Music in Revolt!Posted: February 17, 2011
When a country is in revolutionary motion there is often a vibrant artistic movement that reflects the political movement of the oppressed. You will find that many revolutionaries and oppressed people are also artists; and like the written history that is left behind of past struggles there is art that helps tell stories and shape that history like it shaped the struggle. Brazil is no different leaving us with a vibrant history of political art movements occurring simultaneously as the revolutionary struggles of the 1960’s. Being a fan of multiple art forms and mediums, Brazil is such a source of inspiration to me with their political film movement Cinema Novo and Tropicalismo, which embodies avante-guarde poetry, theatre and most importantly a fusion of African and Brazilian musical genres. Plus being half black and Portuguese I can’t help but have some interest in the fusion of African and Portuguese culture in Brazil.
The Tropicalismo movement was initially led by Caetano Veloso, Gilberto Gil and Gal Costa, but it grew to encompass many artists and performers, who all suffered political repression and torture due to the political nature of their art. Veloso and Gil were exiled, like many other revolutionaries and artists who openly opposed the coup in the 1960’s. I love Gil and Veloso’s music, but my favorite musician is Gal Costa, because she was so powerful as one of the few women in the movement. She really held her own as an artist and musician, and was not tokenized as the ‘hot female musician.’ She, of course, is incredibly sexy, but the fact that she owns her sexuality gives her this raw power that I am inspired and enamored by. When I watch videos of her performing I see her getting into her music and her performance and herself and that is so empowering. Yes she is wearing sexy dresses and red lipstick and the men I am sure love it, but you don’t get that sense that she is doing it to push records like the sexualization of female musicians that we see happening today. Her sexiness isn’t in the clothes she wears. Her sexiness resides in the energy that radiates off of her as as a strong, radical, woman artist, who is embracing herself, her sexuality and her art for herself. That is a powerful thing, and something that I gather strength from as a woman trying to build up my own sense of strength and autonomy over myself and my body in this patriarchal world that wants to take it all from me. She also has an incredible, powerful voice. I love her music. I love how she can sing very quietly in that bossa nova style. But also, in tropicalia fashion, she breaks from the traditional bossa nova style and experiments with her voice, and allows herself to let loose a little bit too. Below I have two videos that I think exhibit that range. One is in black and white and its just her playing a ballad on her guitar demonstrating her bossa nova roots; it is also better sound quality. The second one is a performance with Gilberto Gil and I think it demonstrates the tropicalismo musical stylings better and the way they experimented with time. The sound quality is bad, but I love the video, because it shows Gal really getting into her performance and feeling herself and the music. I love how free she seems on the stage. She’s doing whatever she wants, letting the rhythm completely take her over, even if it means leaning against Gil while he is playing the drums. I wish I could see a performance like that today! I have respect for them all as artists in form and content; the music was political and also artistically experimental and interesting. I love it.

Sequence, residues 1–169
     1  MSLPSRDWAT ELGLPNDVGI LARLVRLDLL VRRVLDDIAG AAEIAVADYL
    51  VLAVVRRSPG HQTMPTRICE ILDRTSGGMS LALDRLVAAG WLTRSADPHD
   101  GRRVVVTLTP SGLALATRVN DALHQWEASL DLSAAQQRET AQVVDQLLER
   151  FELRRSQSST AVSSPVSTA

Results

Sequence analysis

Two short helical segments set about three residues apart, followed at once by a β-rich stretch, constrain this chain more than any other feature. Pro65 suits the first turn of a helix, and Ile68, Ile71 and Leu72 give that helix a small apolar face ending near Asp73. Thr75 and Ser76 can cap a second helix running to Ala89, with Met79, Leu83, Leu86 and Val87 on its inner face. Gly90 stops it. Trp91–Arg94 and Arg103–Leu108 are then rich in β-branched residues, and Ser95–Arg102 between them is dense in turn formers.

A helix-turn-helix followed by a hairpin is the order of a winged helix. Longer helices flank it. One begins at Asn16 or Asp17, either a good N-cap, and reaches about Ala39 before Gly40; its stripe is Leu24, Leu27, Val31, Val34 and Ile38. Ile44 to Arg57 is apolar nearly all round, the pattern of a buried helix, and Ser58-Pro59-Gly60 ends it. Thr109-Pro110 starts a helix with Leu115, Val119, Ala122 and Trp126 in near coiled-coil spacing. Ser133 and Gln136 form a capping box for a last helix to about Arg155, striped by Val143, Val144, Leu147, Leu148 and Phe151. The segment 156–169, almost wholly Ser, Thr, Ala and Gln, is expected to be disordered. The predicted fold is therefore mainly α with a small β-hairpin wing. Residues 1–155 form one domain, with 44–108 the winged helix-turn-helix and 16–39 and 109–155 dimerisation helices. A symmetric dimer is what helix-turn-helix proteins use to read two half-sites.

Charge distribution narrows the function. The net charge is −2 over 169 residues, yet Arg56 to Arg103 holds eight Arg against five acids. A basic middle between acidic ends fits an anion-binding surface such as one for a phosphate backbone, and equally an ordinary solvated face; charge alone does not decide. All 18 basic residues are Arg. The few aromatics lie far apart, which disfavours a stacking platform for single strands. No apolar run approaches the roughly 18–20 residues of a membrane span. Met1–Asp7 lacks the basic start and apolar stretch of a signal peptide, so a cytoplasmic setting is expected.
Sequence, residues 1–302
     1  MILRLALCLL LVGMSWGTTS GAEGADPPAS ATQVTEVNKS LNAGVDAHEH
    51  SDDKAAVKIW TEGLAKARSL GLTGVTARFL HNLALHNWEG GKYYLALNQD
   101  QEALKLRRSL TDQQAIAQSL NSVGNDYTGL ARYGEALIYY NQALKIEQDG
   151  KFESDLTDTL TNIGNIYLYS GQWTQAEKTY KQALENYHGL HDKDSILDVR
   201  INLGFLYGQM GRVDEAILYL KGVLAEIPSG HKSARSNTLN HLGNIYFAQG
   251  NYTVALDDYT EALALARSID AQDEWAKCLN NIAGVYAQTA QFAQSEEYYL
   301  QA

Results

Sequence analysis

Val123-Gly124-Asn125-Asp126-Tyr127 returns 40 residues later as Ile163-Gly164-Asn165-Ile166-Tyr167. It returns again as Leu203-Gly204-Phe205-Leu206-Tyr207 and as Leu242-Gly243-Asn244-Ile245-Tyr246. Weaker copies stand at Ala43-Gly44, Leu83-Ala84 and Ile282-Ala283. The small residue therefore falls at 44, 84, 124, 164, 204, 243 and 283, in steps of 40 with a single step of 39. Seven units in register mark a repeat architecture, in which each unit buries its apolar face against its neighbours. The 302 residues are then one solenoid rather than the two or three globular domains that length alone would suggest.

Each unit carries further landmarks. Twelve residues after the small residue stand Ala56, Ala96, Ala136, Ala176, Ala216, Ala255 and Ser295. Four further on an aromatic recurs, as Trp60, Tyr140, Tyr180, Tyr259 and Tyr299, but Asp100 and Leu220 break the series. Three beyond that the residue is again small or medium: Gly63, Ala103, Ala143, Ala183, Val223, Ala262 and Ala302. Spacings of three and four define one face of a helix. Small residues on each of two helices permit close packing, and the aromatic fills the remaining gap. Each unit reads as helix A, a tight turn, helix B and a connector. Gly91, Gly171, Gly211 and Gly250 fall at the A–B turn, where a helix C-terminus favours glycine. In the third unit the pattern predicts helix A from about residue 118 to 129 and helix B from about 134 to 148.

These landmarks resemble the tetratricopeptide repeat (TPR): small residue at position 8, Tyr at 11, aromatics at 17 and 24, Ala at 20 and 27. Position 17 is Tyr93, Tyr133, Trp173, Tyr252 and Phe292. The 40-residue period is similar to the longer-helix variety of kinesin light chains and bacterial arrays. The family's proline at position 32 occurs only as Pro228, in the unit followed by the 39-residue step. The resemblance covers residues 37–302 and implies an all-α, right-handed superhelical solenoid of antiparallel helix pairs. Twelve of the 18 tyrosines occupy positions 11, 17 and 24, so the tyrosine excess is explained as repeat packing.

They also had their own style. They seemed like such a cool crew of artists to hang with. I look at photos of them together, and I am inspired by the energy radiating from them from the expressions on their faces and their cool experimental style and art. What revolutionaries and artists have in common is a shared commitment to resisting dominant ideologies and structures in order to inspire people with alternative visions and styles. As artists and revolutionaries all we have and have control over is our abilities to articulate ideas and build relationships with each other. I think even artists, whose art isn’t overtly politically, have this in common with revolutionaries. Often true artists think differently about the world and express that through their art, whether it be painting, films, poetry, ect., much in the same way revolutionaries have a different vision of the type of world we should live in and put work into expressing that through struggle and political writing. Both artists and revolutionaries build relationships and connect with other people through the expression of their ideas in art and struggle. Not all revolutionaries are artists and not all artists are revolutionaries, but I think the most dynamic struggle and art comes from when these communities overlap. I imagine them hanging out together and collaborating with their art and having political discussion, then drinking and dancing and truly living their lives despite the dangers from the ruling class. I think of my own political and artistic relationships, and wonder if we will leave a mark in history the way these other artistic movements have during times of political uprising. I hope so. I love my revolution with fresh art and style.